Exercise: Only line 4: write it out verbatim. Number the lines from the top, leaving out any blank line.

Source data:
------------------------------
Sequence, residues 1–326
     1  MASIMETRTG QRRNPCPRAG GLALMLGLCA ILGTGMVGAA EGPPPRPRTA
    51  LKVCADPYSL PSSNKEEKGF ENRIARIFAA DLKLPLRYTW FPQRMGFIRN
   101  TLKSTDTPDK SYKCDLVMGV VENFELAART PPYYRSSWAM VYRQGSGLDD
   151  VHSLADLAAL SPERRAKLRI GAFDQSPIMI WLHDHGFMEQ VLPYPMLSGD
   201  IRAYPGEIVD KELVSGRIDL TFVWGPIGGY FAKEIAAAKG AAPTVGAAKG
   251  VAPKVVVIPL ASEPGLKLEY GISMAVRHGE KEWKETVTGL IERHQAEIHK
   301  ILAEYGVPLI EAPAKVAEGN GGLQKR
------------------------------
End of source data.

   101  TLKSTDTPDK SYKCDLVMGV VENFELAART PPYYRSSWAM VYRQGSGLDD